“Cowards,” he snorted, finishing his glass and signaling for another. “Good riddance. Can’t stand those people. They’re scared of the power. They don’t want respect. They just want to sit around and braid each other’s hair and smoke dope.”
This man was twisted. The cold must have gotten to him.
“Have you heard of the California Coastal Commission?” he asked. My interest piqued. This is what I had come here for. I told him I had and urged him to continue, and to drink up. “Well they’re finally getting rid of it. Finally, we developers are going to be able to build without restriction. The entire coast is going to be developed. It’s going to be beautiful. The first thing to go will be that dump, Banning Ranch,” he laughed, drinking his pink cocktail. “Hey can I get a lime?” he asked the bartender.
“Screw the lime! Tell me more about the Commission. Where is it going?”
“Going? Hah! It’s going straight down the toilet, brother, and hotels are going up, up, up! They’re getting rid of that Lester guy and they’ll put someone else in place. Someone who will let us build all the way to the water’s edge! You’ll step out of your condo and into the water, brother! There’ll be no one to stop development. We can build to the sky, brother!” he hissed with laughter. “This is why I’m here. This is why I left Canada. Canadians are so concerned with preservation and blah blah blah. They let the land dictate them. Not here. Oh no, brother. Here, we dictate the land. We conquer the land and massage it into anything we want. The land works for us!”
Where was my contact? She should have been there, but as I looked at the giggling Canadian in front of me, chewing on a piece of ice and stirring his pink cocktail I realized who she had wanted me to meet. It was this Trump supporter.
“We’re going to build up every inch of land along the coast, from Mexico to Canada!” he screamed. “Manifest Destiny, brother. Louis and Clark! The Trail of Tears!”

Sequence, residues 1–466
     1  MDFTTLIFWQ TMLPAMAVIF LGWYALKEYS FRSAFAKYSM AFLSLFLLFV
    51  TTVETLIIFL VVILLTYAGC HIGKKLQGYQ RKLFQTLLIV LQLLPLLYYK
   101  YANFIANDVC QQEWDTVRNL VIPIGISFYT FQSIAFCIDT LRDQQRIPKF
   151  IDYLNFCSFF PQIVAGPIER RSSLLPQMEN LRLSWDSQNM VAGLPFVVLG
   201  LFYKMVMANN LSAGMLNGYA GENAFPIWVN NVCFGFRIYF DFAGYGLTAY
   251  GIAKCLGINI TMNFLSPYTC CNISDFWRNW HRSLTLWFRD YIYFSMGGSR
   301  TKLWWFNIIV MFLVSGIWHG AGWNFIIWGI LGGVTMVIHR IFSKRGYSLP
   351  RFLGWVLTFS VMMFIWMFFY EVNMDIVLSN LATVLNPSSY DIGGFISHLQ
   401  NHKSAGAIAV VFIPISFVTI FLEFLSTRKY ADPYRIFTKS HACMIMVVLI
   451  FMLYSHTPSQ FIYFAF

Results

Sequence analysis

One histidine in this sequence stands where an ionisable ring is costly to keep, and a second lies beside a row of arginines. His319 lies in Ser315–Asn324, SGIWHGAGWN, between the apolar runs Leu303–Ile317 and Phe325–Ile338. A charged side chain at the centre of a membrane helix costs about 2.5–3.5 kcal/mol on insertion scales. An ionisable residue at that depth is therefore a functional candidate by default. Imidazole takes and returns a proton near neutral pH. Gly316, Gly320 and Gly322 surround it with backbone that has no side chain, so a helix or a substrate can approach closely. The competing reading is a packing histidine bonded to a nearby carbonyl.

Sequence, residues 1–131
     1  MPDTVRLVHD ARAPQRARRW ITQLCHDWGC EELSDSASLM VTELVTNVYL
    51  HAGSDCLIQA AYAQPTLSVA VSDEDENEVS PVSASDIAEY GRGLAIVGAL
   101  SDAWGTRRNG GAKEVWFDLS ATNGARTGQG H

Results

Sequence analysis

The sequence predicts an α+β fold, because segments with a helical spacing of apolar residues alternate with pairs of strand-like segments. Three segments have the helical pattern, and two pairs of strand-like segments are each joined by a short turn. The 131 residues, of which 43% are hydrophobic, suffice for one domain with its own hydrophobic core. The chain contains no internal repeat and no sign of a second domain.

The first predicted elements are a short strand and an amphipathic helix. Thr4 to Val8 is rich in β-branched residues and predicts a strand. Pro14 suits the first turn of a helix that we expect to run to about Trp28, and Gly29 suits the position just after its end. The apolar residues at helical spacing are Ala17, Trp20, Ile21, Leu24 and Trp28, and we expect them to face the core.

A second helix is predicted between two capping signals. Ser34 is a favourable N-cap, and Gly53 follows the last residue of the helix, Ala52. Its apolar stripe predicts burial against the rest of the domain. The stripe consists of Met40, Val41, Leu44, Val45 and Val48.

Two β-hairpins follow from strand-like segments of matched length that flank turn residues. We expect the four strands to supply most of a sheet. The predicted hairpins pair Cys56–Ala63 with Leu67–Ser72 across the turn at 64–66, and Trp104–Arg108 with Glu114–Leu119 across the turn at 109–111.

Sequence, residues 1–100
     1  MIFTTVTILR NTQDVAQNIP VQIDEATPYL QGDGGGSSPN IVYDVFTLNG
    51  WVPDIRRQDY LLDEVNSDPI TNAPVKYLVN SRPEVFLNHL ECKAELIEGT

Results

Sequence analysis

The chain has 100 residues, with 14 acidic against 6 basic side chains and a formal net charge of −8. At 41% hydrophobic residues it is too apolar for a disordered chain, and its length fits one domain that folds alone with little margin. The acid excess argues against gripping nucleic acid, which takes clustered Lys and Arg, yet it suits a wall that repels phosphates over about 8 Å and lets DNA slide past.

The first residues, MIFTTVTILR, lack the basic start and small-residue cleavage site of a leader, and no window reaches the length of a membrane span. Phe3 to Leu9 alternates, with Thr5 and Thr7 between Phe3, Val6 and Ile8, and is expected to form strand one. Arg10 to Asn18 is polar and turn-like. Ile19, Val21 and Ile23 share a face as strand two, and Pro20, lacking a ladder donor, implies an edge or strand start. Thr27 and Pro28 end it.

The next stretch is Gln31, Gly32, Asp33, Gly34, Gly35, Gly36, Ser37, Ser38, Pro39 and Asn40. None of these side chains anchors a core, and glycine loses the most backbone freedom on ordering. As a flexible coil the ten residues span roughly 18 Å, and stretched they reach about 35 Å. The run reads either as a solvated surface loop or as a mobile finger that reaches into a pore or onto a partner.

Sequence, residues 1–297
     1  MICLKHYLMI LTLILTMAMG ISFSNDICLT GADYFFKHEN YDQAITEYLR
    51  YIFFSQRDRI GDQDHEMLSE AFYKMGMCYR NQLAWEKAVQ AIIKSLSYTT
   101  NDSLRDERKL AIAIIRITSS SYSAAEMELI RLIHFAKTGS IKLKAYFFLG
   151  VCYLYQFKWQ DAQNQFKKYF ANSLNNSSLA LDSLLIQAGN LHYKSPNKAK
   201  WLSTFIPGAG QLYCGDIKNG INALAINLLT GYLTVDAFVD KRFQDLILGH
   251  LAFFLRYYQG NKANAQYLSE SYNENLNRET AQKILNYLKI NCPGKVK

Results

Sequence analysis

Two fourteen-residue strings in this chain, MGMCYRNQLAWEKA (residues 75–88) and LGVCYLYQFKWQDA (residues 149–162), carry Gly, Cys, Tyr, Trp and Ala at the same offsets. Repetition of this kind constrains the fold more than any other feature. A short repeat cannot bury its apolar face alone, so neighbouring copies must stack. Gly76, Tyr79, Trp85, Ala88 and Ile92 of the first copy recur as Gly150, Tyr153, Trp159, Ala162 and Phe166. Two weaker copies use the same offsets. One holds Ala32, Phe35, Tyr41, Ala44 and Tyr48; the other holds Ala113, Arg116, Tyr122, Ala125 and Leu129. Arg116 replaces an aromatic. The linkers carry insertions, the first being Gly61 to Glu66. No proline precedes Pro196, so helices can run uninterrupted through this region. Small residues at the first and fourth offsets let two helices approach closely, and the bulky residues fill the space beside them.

On February 10, 2016 there will be a public hearing held in Morro Bay, California to decide the future of Charles Lester’s employment as Executive Director of the California Coastal Commission. The Commission was established by the 1976 Coastal Act, an act signed into law by Governor Brown during his firm term, to protect and conserve the California coastline. I reached out to Lester yesterday, but was unable to reach him. Lester, an environmentally-minded attorney took the helm in 2011. To understand Lester better, it’s wise to look to the man who chose him as his successor, Peter Douglas, who died in 2012. For more than 25 years Douglas, a staunch environmentalist, ran the Commission, advocating for its independence. In 1996, Douglas fought off a very similar attack to replace him with some amorphous invertebrate who would bend and twist in whatever direction developers so chose. He fought off that attack, yes, but the pressures to succumb to narrow interests have gotten stronger, doubling, tripling their efforts, unwilling to see the coastline as anything other than a sexy investment opportunity. The small faction of pro-development commissioners allegedly leading the charge to oust Lester were, ironically, appointed by Governor Jerry Brown. The four term governor may very well destroy the commission he signed into law in 1976. Poetic. Further, it seems Lester has been losing the battle to preserve California’s coast of late.
In December, the Commission approved a proposal by U2’s The Edge to build five mansions over an undeveloped ridge in Malibu. The late Peter Douglas called the plan one the worst he had ever seen. In 2014 the commission approved plans to build a hotel and condominium resort on 40 acres of environmentally sensitive sand dunes in Monterey Bay. Call it what you will, but that’s not preserving anything, except a pool filled with urine and over-sugared resort drinks.
This play, now, looks very similar to the one in 1996. The faction of pro-development commissioners quite literally gave Lester two choices: resign or sit through a public trial in which they would decide his future. Seems Lester called their bluff. Along with thirty-five, conservation-minded former members of the CCC who signed a letter opposing the removal of Lester. February 10, 2016 the spectacle will take place. Charles Lester could use some help. The California Coastline could use some help. Trust me, they’re coming for it. As for those in favor of covering every inch of California coastline in metal, tar, and hotels, I know a bar you’ll like. Ask for the Canadian.
Feb 8th, 2016